As your pregnancy progresses and your body changes, you’ll notice a number of uncomfortable symptoms — not least of which is swelling. This occurs in the lower extremities due to the increased amount of fluid in your body. It’s most common around the 22nd week of pregnancy and can last until birth. Many women find that swelling worsens in the evenings after standing for a long time or when the weather is warmer.
It’s typical to experience fluid retention in the feet during pregnancy because of hormonal changes. Swelling in the feet and ankles can make it hard to fit into your favourite shoes, and may even cause aches or pains. You can alleviate swelling with a few simple measures, including resting, walking, swimming, wearing comfortable shoes, and staying hydrated.
Pregnant women should know that swollen feet during pregnancy is a normal condition for some people. However, there are plenty of ways to manage it. People can have this checked by a podiatrist in order to learn of their condition and get the right treatment.
What Foot Problems Can Arise During Pregnancy?
While pregnant women may experience many changes in their bodies and minds, the feet are often neglected. However, it is important to remain active and keep your feet healthy in order to avoid any pain or discomfort while you’re on your feet.
One major problem that new parents can face is overpronation, which is when your foot rolls inward as you move, causing pain in your heels and feet. Overpronation can also happen when you stand up, causing pain you might not even notice until after long periods of time. This can occur because of the extra weight from carrying a baby.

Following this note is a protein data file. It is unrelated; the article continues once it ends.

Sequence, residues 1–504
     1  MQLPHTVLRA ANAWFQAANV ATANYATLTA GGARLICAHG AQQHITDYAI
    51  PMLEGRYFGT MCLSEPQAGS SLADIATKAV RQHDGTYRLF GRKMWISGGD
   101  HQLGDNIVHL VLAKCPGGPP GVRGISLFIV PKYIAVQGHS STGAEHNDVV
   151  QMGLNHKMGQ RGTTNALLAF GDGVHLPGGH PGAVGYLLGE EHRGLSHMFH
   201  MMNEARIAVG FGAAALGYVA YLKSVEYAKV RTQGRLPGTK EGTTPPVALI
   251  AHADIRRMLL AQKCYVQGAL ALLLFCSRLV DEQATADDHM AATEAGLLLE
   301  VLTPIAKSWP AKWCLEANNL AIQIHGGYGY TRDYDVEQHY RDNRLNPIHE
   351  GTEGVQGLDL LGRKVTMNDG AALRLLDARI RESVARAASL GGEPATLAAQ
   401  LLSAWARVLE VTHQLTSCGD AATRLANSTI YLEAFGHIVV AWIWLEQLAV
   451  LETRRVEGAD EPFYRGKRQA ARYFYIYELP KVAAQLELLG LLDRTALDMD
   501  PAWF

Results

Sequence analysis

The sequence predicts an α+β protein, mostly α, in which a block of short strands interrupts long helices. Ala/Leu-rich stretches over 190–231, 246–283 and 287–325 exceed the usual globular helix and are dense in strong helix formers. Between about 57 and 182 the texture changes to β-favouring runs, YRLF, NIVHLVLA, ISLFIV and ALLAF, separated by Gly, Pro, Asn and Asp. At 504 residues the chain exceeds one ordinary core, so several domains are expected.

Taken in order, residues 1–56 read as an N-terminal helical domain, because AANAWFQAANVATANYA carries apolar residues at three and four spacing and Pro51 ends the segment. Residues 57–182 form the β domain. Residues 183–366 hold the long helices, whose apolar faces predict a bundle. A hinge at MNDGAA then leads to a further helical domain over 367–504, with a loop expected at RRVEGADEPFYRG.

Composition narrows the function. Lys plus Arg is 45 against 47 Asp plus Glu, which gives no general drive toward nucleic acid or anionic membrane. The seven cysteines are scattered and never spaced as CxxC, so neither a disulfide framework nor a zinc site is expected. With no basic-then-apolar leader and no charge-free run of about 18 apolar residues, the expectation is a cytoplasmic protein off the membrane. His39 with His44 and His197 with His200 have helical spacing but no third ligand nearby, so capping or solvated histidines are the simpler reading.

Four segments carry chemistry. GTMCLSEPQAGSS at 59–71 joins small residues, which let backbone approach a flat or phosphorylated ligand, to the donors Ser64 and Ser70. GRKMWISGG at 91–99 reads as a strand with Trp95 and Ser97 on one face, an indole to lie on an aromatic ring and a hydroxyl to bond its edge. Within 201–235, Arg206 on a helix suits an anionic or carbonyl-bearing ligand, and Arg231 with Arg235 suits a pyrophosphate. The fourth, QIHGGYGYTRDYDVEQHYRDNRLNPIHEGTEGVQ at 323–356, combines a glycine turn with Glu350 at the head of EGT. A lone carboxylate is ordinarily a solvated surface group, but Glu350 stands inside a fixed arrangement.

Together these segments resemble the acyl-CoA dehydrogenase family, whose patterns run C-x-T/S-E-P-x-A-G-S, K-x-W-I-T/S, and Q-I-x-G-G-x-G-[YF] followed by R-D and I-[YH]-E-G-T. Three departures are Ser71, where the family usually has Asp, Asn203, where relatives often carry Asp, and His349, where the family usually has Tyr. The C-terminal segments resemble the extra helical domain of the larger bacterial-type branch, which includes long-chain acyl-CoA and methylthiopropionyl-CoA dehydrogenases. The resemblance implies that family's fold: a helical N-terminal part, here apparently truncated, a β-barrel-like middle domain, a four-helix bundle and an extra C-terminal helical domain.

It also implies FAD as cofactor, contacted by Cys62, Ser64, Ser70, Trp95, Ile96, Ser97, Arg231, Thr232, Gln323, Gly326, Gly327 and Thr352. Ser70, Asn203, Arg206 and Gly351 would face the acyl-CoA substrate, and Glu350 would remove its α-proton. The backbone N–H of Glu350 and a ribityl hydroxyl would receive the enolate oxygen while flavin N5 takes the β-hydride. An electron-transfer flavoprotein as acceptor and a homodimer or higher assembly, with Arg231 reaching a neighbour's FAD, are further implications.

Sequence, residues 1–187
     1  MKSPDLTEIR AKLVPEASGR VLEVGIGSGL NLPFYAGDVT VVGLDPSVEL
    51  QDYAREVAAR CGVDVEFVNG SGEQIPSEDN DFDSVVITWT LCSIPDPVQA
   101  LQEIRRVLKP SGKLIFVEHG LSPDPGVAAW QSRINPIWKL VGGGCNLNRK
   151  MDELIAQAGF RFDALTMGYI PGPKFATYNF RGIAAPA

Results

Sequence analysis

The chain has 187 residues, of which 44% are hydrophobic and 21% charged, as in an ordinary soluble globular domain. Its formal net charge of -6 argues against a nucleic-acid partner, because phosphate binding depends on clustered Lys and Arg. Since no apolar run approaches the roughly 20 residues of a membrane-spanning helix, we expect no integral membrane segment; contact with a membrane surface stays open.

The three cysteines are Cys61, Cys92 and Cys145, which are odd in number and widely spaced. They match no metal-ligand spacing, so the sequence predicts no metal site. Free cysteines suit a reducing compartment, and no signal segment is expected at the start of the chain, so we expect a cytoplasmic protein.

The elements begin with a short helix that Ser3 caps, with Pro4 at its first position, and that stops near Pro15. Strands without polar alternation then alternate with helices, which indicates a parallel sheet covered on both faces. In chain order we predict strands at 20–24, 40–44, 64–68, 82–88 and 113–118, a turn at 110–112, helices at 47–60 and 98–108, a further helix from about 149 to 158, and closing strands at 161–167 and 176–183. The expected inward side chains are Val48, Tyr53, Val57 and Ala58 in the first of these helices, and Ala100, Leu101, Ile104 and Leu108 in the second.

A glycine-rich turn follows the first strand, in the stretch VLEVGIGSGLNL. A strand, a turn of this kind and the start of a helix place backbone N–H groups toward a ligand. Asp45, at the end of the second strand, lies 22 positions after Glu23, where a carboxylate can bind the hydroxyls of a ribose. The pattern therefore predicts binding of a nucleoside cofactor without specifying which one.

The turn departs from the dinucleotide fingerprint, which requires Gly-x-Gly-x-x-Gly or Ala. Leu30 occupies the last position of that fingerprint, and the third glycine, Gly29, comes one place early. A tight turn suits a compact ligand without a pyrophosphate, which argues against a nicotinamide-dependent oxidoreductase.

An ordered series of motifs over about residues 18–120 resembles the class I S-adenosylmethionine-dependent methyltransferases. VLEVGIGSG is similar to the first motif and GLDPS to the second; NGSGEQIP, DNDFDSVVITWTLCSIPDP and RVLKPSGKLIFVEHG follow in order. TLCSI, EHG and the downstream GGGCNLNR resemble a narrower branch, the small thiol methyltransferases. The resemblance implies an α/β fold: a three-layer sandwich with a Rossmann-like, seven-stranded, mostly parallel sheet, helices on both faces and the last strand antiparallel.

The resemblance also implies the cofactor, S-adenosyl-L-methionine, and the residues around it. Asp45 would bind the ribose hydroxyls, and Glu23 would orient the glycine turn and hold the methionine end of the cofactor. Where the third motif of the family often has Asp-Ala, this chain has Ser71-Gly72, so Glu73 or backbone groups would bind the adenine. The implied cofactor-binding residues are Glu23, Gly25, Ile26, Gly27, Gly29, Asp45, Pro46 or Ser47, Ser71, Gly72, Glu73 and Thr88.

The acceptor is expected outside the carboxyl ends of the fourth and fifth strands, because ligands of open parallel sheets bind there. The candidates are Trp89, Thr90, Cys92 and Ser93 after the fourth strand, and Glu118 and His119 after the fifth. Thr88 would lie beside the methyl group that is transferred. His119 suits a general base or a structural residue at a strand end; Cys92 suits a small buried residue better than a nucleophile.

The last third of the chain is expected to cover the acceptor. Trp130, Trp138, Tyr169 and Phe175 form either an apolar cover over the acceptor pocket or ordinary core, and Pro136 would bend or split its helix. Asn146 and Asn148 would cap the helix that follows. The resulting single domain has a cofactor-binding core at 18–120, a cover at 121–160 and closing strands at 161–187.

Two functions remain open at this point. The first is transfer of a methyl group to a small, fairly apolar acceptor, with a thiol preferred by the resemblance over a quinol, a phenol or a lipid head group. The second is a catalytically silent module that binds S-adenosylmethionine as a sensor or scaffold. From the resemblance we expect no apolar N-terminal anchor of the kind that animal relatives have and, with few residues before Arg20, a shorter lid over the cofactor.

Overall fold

Edema is a common complication of pregnancy that occurs when fluid builds up in the body — most commonly in the hands and feet. Although it can occur at any stage, swelling is often more noticeable later in pregnancy because the body is bigger and there’s more fluid around.
How Can I Keep My Feet Healthy During Pregnancy?
- Wearing supportive shoes with good arch supports will help distribute weight evenly. It is also recommended that you wear good shoes during exercise that will not limit your range of motion.
- Minimise the amount of time spent walking barefoot.
- People with flat feet may need to wear orthotics to help support their kneecaps and relieve pain in their legs.
- Keep blood circulating to the feet by doing calf raises (resembles standing on tiptoes) throughout the day. This can be done by stepping up on and down from a chair, using the stairs, working at a stand-up desk, etc.
- Elevate your feet if you experience swelling.
- Massage your feet.
- Wear comfortable, well-fitted shoes that don’t rub or pinch.
- Get regular, light exercise, such as walking.
Need a podiatrist? Our friendly and knowledgeable staff are standing by to help you with any questions or concerns about your foot health.
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